Citizen Deliberation and Politics of Risk Assessment: Technical Knowledge in Social-Cultural Context
December 12 2011
**ATTENDEES MUST PRE-REGISTER FOR THIS SEMINAR** To register - please email firstname.lastname@example.org or call 0131 650 9113
**Please note change to usual Innogen seminar venue**
3.30-5pm, followed by a drinks reception
McEwan Hall Reception Room, Teviot Place, University of Edinburgh
Directions to the McEwan Hall Reception Room:
The McEwan Hall Reception Room is located in the Teviot Building on Teviot Place. Access to the room is through the main archway entrance on Teviot Place, doorway no. 2 is second on the left. The reception room is the only room at the top of the stairs on the right. A map with the building marked can be found at:
Organised by: This seminar is jointly hosted by the ESRC Innogen Centre and the Public Policy Network at The University of Edinburgh.
This presentation examines the tensions between ordinary citizens and experts in the 'risk society'. It shows the ways standard quantitative approaches to risk assessment fail to account for important dimensions of environmental and technology policy decision-making, often exacerbating the well known standoff between citizens' Nimby groups and professional experts. Whereas the technical community frequently portrays such conflicts as the result of the citizens' inabilities to comprehend complex empirical assessments, they are seen here to be as much or more a function of two different cognitive orientations. Through a comparison of the formal logic of empirical science and the informal ordinary language logic of practical reason, supported by a social constructivist perspective, the two modes of reason are demonstrated to be complementary rather than fundamentally conflicting. As such, the analysis shows that ordinary citizens rationally focus on important action-oriented questions that technical experts ignore or neglect. In particular, the discussion identifies the risk expert's need to situate technical information in the larger social-cultural context to which it is applied. Emphasizing both theoretical and policy implications, the task is clarified by examining political conflicts that continue to surround nuclear power and genetically modified foods. The talk concludes with suggestions for bringing citizens and experts together through more participatory modes of inquiry, as well as the import of such practices for contemporary "Third Wave" debates in the social studies of science.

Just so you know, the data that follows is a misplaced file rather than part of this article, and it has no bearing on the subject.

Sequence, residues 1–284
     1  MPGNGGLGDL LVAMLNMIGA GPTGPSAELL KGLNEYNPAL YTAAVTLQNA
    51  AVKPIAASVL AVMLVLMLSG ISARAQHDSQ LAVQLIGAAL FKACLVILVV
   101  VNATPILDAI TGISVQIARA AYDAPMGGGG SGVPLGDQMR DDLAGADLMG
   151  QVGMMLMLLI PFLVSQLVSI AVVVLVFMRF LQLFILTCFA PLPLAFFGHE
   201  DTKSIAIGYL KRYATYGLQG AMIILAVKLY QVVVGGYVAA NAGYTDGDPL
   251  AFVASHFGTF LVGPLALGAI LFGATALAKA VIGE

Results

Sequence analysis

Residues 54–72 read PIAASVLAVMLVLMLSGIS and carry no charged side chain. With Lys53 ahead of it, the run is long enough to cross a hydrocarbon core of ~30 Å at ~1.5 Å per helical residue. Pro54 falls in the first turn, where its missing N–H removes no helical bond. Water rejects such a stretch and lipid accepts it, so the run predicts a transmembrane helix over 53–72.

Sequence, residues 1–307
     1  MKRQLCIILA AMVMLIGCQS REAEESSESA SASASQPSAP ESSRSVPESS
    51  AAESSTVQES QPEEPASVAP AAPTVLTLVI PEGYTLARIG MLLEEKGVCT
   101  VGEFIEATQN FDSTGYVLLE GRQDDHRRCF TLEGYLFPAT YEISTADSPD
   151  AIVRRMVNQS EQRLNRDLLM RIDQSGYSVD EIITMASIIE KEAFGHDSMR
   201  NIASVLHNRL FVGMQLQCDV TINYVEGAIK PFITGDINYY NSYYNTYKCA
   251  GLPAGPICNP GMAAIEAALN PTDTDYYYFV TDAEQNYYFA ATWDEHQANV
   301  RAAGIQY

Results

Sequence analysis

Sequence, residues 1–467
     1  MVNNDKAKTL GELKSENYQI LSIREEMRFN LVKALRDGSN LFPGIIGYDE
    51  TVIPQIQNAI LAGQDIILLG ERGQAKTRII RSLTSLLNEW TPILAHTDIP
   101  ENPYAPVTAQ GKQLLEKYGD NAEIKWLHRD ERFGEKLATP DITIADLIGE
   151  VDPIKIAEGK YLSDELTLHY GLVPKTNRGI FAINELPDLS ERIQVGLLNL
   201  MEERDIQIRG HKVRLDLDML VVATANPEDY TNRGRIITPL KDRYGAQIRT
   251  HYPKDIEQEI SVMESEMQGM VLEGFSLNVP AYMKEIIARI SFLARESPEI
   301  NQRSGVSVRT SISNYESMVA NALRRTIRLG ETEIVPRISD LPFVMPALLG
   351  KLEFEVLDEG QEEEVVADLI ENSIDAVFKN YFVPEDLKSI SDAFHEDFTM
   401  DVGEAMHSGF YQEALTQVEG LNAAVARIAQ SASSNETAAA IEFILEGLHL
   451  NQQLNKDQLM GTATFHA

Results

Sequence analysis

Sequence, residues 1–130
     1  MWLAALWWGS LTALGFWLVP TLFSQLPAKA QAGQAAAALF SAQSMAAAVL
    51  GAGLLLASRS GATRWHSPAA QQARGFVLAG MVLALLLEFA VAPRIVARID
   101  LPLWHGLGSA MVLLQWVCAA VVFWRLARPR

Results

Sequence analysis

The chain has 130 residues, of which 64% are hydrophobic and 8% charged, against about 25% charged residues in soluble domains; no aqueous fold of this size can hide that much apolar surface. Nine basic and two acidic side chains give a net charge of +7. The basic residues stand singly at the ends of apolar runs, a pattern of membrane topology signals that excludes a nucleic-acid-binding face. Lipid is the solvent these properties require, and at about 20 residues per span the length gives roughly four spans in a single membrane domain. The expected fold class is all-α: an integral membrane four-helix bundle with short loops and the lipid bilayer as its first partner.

This talk will be recorded and then made available to view on this website a few weeks after the event.